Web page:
It has been a couple of years since Jason Stein, MD, SFHM, a hospitalist at Emory University School of Medicine in Atlanta, first reported on his experience with accountable care units (ACUs) and structured interdisciplinary bedside rounds (SIBR). With ACUs, Jason and his team undertook an “extreme makeover” of care on the hospital ward. Because most hospitalist groups are endeavoring to address team-based care, I took the opportunity to catch up with and learn from Jason, who has created an exciting and compelling approach to multidisciplinary, collaborative care in the hospital.
In 2012, Jason’s team won SHM’s Excellence in Teamwork in Quality Improvement Award, and Jason was selected as an innovation advisor to the Center for Medicare and Medicaid Innovation. Since then, ACUs and SIBR have been implemented at a number of sites in the U.S. and abroad, and the work has been referenced by the Agency for Healthcare Research and Quality and the Harvard Business Review. Jason has created Centripital, a nonprofit that trains members of the hospital team to collaborate optimally around the patient and family, the central focus of care.
Here are some excerpts from my interview with Jason:
Question: What is an accountable care unit (ACU)?
Answer: We defined an ACU as a geographic inpatient care area consistently responsible for the clinical, service, and cost outcomes it produces. There are four essential design features of ACUs: 1) unit-based physician teams; 2) structured interdisciplinary bedside rounds, or SIBR; 3) unit-level performance reports; and 4) unit co-management by nurse and physician directors.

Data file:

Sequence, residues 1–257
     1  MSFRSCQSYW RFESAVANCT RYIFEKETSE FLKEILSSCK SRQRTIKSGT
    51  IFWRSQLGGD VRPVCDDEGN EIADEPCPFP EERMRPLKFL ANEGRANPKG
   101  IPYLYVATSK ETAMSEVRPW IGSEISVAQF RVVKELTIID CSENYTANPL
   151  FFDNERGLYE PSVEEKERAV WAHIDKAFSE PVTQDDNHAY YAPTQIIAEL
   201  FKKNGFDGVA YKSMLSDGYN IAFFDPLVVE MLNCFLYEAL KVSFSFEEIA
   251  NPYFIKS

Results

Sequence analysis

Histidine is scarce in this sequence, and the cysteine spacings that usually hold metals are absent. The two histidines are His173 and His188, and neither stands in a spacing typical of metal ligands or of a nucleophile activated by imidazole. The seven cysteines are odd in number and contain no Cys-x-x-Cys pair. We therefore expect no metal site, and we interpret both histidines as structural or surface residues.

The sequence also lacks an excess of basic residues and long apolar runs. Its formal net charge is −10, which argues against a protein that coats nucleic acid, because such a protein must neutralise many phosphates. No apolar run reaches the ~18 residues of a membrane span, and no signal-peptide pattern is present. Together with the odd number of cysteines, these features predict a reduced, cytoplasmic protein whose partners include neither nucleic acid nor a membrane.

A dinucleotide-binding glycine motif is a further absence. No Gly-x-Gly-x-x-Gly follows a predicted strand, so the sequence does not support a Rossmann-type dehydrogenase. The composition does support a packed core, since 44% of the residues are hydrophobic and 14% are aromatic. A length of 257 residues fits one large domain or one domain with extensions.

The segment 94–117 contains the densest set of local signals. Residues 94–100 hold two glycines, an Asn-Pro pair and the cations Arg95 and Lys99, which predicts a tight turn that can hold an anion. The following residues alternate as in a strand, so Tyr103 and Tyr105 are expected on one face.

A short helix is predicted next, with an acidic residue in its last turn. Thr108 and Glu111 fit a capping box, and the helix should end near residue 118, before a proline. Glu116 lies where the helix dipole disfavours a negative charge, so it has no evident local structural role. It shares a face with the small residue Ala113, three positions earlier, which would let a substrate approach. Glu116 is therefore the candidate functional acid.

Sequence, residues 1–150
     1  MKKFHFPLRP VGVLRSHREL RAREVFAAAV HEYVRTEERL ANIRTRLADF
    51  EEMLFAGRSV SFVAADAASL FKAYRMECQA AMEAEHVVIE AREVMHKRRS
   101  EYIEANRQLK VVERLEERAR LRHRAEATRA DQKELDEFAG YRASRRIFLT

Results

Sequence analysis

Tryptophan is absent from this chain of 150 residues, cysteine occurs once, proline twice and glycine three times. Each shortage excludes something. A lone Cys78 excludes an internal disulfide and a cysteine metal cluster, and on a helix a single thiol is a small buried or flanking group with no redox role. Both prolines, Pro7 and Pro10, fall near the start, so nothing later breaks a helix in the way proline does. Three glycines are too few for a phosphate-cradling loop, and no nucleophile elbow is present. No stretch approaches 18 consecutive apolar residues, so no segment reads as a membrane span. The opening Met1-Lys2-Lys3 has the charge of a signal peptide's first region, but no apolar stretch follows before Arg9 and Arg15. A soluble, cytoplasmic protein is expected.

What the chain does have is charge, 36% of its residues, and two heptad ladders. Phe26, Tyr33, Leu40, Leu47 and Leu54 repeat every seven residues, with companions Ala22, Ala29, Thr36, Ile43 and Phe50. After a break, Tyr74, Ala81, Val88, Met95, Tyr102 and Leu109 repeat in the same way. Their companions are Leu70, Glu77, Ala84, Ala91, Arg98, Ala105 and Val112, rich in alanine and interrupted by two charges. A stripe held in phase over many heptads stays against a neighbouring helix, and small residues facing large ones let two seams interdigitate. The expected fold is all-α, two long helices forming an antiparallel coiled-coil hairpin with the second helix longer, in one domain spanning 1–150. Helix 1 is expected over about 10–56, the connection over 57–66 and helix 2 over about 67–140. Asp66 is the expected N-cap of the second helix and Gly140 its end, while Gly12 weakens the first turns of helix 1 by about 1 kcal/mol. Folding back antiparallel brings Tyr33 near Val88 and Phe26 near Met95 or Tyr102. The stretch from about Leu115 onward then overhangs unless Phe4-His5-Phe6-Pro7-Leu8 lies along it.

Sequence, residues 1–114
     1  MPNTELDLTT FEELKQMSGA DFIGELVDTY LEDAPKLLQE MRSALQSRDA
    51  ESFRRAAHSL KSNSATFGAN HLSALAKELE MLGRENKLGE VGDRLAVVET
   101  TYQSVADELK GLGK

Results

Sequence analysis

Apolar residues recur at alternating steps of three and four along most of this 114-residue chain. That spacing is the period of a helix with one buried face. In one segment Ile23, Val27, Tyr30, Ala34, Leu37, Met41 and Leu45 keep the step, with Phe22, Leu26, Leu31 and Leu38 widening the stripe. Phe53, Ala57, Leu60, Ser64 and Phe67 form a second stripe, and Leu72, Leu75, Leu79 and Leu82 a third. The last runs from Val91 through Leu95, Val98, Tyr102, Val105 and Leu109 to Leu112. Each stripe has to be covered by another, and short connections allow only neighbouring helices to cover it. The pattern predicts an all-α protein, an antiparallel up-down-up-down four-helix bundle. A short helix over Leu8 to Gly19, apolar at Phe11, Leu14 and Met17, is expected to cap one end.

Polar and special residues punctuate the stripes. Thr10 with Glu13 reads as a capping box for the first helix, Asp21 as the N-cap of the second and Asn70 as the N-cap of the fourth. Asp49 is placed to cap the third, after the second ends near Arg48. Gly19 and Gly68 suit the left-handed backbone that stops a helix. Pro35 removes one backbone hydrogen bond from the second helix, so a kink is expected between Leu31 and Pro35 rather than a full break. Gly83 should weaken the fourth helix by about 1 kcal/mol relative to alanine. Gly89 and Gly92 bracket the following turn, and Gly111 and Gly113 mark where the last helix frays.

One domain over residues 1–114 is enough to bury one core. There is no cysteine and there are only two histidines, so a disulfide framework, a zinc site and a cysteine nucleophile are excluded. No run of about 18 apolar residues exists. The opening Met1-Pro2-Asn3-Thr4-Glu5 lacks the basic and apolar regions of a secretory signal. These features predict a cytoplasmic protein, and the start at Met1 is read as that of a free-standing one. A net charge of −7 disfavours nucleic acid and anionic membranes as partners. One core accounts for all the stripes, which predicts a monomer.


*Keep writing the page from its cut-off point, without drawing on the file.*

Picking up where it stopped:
Q: What were you observing in the care of the hospitalized patient that led you to create ACUs?
A: We saw fragmentation. We saw weak cohesiveness and poor communication among doctors, nurses, and allied health professionals. HM physicians who travel all over the hospital seeing patients are living with an illusion of teamwork. In reality, to be a high-functioning team, physicians have to share time, space, and a standard way to work together with nurses, patients, and families. When we embraced this way of thinking, we realized we could be so much better than we were. The key was to re-engineer a way to really work together.
Q: What makes an ACU successful?
A: In a word, control. An ACU creates new control levers for all of the key players to have greater influence on other members of the team—nurses with doctors, doctors with nurses, patients with everyone, and vice versa. It’s actually quite simple how this happens. The ACU clinical team spends the day together, caring for the same group of patients. Everyone communicates face to face, rather than by page, text, or phone. Stronger relationships are built, and clinicians are more respectful of one another. A different level of responsiveness and accountability is created. The feeling that every person is accountable to the patient and to the other team members allows the team to gain greater control over what happens on the unit. That’s a very powerful dynamic.
SIBR further reinforces the mutual accountability on an ACU. During SIBR, each person has a chance to hear and be heard, to share their perspective, and to contribute to the care plan. Day after day, SIBR creates a positive, collaborative culture of patient care. Once clinicians realize how much control and how much self-actualization they gain on an ACU, it seems impossible to go back to the old way.
“In reality, to be a high-functioning team, physicians have to share time, space, and a standard way to work together with nurses, patients, and families. When we embraced this way of thinking, we realized we could be so much better than we were. The key was to re-engineer a way to really work together.”
—Jason Stein, MD, SFHM